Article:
Reef or Beef? Animal Agriculture Is Killing Corals

Posted on by PETA Australia

According to a government report, the Great Barrier Reef just faced what may have been its worst summer on record, with extreme coral bleaching and other issues caused by the climate catastrophe – of which animal agriculture is a leading driver.

New PETA billboards have been erected in reef tour gateway cities Cairns and Townsville to take aim at Australia’s environmentally devastating appetite for animal flesh. The ad features a haunting image of cow skulls intermingled with the bleached bones of a dying reef.

The Great Barrier Reef is experiencing its fifth global warming–driven mass bleaching in just eight years, and at least 10% of corals are affected on 73% of reefs. The Queensland government says that the biggest threat to the reef is the climate catastrophe – of which animal agriculture is a leading driver. Queensland’s production of 1.1 million tonnes of beef annually harms the planet via the production of atmosphere-heating greenhouse gases like methane and nitrogen and the clearing of land for grazing. The Wilderness Society found that beef production is responsible for 73% of all land clearing in Queensland and more than 94% of land clearing in the Great Barrier Reef Catchment Area.

Even a half-degree increase in water temperature can stress corals, which can lead to their starvation and death. Coral reefs are also negatively impacted by excessive carbon dioxide, which can slow coral growth rates by as much as 50%. But it’s not just the production of meat, involving the cruel forced breeding, confinement, and horrific slaughter of animals, that harms the reefs – what comes after you eat a steak also makes a splash. The faeces of meat-eaters are loaded with nitrogen, an element which, in excess, causes algal blooms that suck up available oxygen, release toxins, and ultimately eliminate other organisms in rivers, seas, and the ocean. It’s estimated that human wastewater alone adds 6.2 million tonnes of nitrogen to coastal waters annually.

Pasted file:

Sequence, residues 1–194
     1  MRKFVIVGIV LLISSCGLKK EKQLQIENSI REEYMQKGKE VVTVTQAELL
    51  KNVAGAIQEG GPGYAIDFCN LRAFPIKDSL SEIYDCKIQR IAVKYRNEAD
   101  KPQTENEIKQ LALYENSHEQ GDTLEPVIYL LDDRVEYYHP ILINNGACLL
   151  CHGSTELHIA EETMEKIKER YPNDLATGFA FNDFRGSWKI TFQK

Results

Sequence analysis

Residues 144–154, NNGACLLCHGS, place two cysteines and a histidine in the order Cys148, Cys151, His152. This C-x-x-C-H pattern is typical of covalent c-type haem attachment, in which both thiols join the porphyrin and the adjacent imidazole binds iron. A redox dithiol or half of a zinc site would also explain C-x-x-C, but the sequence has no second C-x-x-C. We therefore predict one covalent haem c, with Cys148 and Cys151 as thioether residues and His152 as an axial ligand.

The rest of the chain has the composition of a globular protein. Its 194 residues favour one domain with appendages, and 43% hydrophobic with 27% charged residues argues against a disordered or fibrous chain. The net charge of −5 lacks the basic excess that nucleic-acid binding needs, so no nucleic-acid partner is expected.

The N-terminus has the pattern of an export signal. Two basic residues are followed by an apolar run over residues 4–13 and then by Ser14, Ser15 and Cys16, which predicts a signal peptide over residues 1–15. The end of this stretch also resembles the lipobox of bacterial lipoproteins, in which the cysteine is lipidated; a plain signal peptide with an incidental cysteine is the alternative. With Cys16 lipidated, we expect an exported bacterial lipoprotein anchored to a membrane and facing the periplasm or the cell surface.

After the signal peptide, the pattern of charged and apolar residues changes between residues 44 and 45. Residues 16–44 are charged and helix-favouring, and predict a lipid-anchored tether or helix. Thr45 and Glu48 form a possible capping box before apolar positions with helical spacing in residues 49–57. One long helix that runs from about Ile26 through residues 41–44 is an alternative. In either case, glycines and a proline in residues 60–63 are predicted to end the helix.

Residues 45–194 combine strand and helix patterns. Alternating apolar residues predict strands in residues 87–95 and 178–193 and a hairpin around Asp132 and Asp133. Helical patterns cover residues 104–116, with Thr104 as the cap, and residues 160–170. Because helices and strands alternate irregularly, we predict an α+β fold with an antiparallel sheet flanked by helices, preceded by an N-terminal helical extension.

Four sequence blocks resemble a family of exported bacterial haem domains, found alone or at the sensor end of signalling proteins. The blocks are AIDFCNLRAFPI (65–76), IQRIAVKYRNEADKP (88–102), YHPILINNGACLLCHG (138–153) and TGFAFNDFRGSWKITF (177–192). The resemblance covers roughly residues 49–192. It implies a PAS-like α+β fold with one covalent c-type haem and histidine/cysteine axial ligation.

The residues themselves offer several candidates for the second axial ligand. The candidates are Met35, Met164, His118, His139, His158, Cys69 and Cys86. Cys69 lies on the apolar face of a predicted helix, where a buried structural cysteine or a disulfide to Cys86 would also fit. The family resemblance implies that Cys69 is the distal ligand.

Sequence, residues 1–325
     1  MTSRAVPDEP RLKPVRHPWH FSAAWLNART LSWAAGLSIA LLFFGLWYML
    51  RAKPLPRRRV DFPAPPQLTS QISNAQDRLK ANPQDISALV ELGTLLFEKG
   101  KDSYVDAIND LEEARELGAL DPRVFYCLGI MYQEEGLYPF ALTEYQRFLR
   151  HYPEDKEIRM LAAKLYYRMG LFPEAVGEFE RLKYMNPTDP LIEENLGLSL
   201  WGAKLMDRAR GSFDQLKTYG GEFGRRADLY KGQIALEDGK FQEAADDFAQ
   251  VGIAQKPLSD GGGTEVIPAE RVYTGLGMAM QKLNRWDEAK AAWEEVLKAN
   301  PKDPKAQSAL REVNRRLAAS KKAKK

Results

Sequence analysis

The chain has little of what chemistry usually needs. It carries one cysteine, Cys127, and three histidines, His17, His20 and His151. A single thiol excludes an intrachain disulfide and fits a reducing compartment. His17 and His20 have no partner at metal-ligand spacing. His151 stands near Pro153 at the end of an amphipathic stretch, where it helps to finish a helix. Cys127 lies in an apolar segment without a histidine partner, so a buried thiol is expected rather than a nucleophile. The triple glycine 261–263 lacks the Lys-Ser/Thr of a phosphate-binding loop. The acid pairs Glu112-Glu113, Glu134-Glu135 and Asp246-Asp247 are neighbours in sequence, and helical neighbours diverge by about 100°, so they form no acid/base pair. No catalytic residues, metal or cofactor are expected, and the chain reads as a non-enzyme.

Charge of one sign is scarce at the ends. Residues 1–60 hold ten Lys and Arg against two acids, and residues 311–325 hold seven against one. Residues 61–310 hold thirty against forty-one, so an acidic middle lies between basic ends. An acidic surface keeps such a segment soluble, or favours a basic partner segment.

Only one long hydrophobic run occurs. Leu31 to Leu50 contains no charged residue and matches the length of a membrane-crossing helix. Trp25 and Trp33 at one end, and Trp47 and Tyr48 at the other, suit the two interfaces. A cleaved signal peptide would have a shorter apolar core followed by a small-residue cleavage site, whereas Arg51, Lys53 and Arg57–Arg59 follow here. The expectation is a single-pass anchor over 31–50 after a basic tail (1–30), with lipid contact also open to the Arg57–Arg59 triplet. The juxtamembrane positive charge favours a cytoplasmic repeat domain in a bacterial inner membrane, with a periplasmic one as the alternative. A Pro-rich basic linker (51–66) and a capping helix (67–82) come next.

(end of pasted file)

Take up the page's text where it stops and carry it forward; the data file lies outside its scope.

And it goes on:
Australians love the great outdoors, and our economy relies heavily on tourism, so it’s important to highlight how bad habits – such as an appetite for the flesh of dead cows – damage the magnificent natural wonders in our own backyard. Simply put, every time you eat meat, you’re contributing to the destruction of the Great Barrier Reef.

Scientists have long warned that meat consumption is largely responsible for the escalating climate catastrophe, and reefs are only one victim. Happily, we can all do our part to change things: research shows that vegan eating results in 75% less climate-heating emissions, water pollution, and land use than meat-heavy consumption. A vegan world would not only be better for the planet but also spare billions of sensitive animals a miserable life and a terrifying death.